Discomfort and sweating - This is the single most noticeable effect of DNP use, both by the user and those around him/her. Even in the winter, while indoors at ambient temperatures, one may expect his or her shirt to be completely soaked through with sweat. Those with jobs requiring formal or semi-formal apparel are advised to consider other means of fat loss (or a new job, if preferred). Other obvious considerations lie in the areas of social life, personal appearance, etc. and the user must prioritize.
Insomnia - Second in frequency of reports to sweating and discomfort is insomnia. This may be at least partially attributed to discomfort. Possible means of countering this include such supplements as Valerian root or melatonin. Alternatively, one may deal with this via prescription or OTC sleep medications or GHB-A precursors. However, these may be addictive if used on a regular basis and if their use may be avoided, by all means abstain from using them.
Yellow bodily fluids - Some don't notice this, but others find that all of their bodily fluids take on a yellowish appearance. Urine is a darker yellow, and even semen and vaginal secretions may be affected. According to current knowledge, this is not known to be harmful in and of itself.
Muscle soreness - This is yet another thing that may be minimized via cerebral function. Dan Duchaine has recommended using a weight such as to allow no fewer than 15 reps per set of any weight training workout; judging from anecdotal reports and personal experience, this seems to be good advice. Low levels of ATP are a cause of muscle soreness in and of itself. The additional factor of encumbered recovery mechanisms make extreme soreness (and if not careful, catabolism) quite possible.
Allergic reactions - These are highly individualized but may be summarily discussed. Various reactions are common with DNP use, and approximately 10% of users will be extremely allergic to it. Allergic reactions can include hives, blisters, and/or inexplicable rashes.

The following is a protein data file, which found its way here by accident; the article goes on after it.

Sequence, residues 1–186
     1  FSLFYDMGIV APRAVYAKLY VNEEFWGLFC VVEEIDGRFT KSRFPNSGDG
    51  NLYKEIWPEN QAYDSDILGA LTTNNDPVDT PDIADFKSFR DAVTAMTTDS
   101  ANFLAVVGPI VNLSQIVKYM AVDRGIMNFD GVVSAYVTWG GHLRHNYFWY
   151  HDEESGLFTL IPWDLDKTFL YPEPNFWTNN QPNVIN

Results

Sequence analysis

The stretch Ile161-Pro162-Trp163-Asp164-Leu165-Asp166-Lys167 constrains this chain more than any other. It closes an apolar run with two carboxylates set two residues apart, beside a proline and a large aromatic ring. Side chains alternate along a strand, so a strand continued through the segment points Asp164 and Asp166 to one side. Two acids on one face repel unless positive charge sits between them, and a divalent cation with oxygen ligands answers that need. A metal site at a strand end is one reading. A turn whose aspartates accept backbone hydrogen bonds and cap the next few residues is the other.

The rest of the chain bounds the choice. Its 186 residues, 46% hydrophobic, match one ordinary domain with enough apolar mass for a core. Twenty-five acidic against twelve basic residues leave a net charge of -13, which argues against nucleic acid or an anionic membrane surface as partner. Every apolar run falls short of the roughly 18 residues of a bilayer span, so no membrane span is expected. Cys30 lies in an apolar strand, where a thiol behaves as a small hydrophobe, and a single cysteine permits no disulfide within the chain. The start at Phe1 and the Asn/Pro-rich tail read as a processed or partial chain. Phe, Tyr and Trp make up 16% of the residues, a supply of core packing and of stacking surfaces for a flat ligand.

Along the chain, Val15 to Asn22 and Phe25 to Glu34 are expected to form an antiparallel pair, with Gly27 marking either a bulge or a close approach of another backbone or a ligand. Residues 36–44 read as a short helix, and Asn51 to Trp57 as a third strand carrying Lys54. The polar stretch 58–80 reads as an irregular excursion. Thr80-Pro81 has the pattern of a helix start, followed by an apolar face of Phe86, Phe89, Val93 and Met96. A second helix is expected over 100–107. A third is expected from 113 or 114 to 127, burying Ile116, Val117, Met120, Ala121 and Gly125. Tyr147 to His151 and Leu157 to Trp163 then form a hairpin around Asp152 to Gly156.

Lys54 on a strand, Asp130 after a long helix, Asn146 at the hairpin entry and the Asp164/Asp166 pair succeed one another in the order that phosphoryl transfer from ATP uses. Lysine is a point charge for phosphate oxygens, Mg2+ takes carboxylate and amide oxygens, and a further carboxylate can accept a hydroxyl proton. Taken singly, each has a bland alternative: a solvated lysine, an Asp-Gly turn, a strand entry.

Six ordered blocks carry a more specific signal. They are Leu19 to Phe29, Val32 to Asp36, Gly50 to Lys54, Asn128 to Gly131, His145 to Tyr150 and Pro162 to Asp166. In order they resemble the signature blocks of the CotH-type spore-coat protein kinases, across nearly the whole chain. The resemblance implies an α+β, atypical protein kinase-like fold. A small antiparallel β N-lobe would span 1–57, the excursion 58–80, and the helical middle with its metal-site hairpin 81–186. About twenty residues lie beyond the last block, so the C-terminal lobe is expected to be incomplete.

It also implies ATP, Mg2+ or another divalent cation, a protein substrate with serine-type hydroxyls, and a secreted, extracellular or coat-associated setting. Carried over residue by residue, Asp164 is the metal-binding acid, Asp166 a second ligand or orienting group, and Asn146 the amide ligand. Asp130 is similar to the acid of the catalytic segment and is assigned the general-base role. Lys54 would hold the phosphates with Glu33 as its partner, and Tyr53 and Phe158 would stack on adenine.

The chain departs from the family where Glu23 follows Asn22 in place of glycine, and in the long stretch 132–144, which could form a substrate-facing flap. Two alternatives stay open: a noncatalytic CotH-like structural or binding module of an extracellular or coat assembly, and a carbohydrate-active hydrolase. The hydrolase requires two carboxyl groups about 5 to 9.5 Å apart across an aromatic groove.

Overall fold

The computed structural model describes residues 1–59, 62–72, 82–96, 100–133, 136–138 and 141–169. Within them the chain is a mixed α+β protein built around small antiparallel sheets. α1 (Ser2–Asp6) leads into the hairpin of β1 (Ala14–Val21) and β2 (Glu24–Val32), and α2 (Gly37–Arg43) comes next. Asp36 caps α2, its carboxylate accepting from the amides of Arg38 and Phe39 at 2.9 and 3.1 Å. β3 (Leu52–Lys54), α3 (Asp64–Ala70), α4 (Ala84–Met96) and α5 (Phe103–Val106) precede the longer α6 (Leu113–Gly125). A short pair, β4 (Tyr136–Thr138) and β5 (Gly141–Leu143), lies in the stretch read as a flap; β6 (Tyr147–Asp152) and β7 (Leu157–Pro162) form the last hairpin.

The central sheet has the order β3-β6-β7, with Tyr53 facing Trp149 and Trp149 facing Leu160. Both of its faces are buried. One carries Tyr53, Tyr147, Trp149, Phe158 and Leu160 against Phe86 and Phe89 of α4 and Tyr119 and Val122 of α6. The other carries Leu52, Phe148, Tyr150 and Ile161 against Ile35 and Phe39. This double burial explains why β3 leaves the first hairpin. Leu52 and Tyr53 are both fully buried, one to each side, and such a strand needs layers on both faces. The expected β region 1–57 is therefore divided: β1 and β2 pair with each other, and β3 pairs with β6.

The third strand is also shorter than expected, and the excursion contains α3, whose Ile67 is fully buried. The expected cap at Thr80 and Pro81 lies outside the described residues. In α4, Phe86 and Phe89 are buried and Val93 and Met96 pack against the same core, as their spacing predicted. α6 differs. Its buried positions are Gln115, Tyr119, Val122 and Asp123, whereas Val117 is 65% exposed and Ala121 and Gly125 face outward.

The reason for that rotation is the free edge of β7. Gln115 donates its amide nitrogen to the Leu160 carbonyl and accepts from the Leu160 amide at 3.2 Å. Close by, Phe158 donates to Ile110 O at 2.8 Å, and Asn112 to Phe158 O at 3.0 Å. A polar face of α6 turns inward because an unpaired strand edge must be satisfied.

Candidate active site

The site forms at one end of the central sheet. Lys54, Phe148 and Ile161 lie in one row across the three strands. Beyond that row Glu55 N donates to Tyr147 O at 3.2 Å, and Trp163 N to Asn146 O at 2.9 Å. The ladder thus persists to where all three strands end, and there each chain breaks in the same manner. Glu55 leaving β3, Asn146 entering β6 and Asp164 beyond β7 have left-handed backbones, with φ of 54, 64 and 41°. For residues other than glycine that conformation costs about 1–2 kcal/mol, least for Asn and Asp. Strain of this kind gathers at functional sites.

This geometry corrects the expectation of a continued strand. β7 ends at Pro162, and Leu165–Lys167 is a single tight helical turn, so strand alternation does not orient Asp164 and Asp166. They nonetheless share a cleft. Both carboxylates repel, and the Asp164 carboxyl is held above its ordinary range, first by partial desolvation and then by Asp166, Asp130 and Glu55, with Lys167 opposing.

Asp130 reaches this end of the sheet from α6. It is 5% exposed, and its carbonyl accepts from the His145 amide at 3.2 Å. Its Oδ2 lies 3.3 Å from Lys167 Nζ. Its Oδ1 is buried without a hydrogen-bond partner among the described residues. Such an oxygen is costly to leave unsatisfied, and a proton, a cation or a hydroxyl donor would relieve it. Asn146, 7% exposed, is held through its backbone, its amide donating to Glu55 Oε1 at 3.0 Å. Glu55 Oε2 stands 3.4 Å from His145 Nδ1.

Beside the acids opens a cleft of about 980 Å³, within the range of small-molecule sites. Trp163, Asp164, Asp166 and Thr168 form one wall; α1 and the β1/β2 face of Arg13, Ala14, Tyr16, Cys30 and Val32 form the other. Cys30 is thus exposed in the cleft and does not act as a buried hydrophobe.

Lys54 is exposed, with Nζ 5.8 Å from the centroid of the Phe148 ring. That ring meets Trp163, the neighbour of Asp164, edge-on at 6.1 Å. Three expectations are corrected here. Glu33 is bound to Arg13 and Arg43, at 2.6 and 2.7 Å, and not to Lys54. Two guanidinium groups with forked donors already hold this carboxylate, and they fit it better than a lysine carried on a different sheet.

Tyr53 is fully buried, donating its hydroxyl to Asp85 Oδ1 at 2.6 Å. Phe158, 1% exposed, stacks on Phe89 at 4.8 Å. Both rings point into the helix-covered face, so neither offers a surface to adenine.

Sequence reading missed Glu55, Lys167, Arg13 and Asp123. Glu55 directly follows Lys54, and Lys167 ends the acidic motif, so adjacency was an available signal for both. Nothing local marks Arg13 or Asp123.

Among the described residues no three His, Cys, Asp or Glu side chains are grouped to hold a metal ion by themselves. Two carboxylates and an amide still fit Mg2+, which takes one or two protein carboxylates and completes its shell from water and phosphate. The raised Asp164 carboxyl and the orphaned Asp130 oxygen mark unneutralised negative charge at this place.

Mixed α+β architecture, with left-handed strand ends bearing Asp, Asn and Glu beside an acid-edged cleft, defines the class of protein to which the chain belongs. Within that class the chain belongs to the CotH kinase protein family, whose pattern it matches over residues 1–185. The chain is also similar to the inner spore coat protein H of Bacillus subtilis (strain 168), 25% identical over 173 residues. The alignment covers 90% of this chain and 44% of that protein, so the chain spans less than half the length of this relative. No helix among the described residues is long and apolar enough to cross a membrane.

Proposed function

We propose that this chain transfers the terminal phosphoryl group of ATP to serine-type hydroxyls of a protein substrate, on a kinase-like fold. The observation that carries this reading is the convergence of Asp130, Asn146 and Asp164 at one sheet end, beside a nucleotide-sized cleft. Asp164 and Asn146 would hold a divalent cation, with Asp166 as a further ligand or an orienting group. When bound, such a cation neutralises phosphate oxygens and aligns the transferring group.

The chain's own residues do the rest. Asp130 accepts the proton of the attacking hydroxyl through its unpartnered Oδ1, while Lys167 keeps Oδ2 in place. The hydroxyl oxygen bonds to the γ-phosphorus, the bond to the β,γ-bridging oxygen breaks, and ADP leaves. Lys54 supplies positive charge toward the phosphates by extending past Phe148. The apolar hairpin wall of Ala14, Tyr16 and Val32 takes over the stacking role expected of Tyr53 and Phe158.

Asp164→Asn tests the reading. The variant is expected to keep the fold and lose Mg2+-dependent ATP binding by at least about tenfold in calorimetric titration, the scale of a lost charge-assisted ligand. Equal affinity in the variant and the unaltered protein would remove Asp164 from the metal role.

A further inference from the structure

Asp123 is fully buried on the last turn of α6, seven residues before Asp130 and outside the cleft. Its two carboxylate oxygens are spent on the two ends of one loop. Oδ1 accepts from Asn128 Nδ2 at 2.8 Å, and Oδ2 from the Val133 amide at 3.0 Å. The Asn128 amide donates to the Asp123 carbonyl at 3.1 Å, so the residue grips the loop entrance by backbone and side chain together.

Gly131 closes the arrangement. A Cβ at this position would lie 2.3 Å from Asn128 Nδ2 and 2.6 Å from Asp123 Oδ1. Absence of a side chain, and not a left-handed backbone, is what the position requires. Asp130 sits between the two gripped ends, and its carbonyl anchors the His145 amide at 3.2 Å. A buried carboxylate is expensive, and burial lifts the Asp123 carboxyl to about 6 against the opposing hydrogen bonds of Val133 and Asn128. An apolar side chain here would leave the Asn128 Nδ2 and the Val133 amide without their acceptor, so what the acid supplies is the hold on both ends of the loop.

Carbohydrate Cravings - To counter this, some methods will be touched on later. As with most diets, willpower is sometimes the single most important factor. Other drugs such as Meridia and supplements such as Hot Rox give a user the edge to combat these cravings as well as boost energy.
(all italics mine)
This is what the company is willing to tell you. Vioxx never said "this could stop your heart" on the TV commercials, yet it could and it did. This is also not a company that is under even a hint of regulations from the FDA (it's not even an American company!). You might have cancer and yellow semen* but you will be thin.
Yet as much as dinitrophenol has been slammed as a carcinogen, it is being pursued as a cancer treatment. Why? It's toxic. Cancer are just normal body cells dividing rapidly because they're all hopped up on the equivalent of cellular coffee and meth. The whole point of cancer treatment is to kill the cancer cells. You want something toxic. Dinitrophenol is toxic. It kills the cells.
Frankly, however, you'll be lucky to survive long enough to get cancer if you mess around with this stuff. Japanese scientists found it to be toxic in rats at 0.78 mg/kg of body weight. The website above said a dose up to 300 mg/day was safe. That means you would have to weigh well over 300 kg for this stuff to be safe on a long term basis.
Not gonna happen.
The EPA has this to say about dinitrophenol:
2,4-Dinitrophenol is used in the manufacture of dyes, wood preservatives, and as a pesticide. The acute (short-term) effects of 2,4-dinitrophenol in humans through oral exposure are nausea, vomiting, sweating, dizziness, headaches, and loss of weight. Chronic (long-term) oral exposure to 2,4-dinitrophenol in humans has resulted in the formation of cataracts and skin lesions, weight loss, and has caused effects on the bone marrow, central nervous system (CNS), and cardiovascular system. Limited or no information is available on the developmental, reproductive, or carcinogenic effects of 2,4-dinitrophenol in humans. EPA has not classified 2,4-dinitrophenol for carcinogenicity.
The moral of the story is this: don't buy weight loss supplements. But if you do, don't by them in the Gardening Department at Home Depot.
*Not that most girls would likely realize this because you'd be sweating so profusely they probably wouldn't get very close.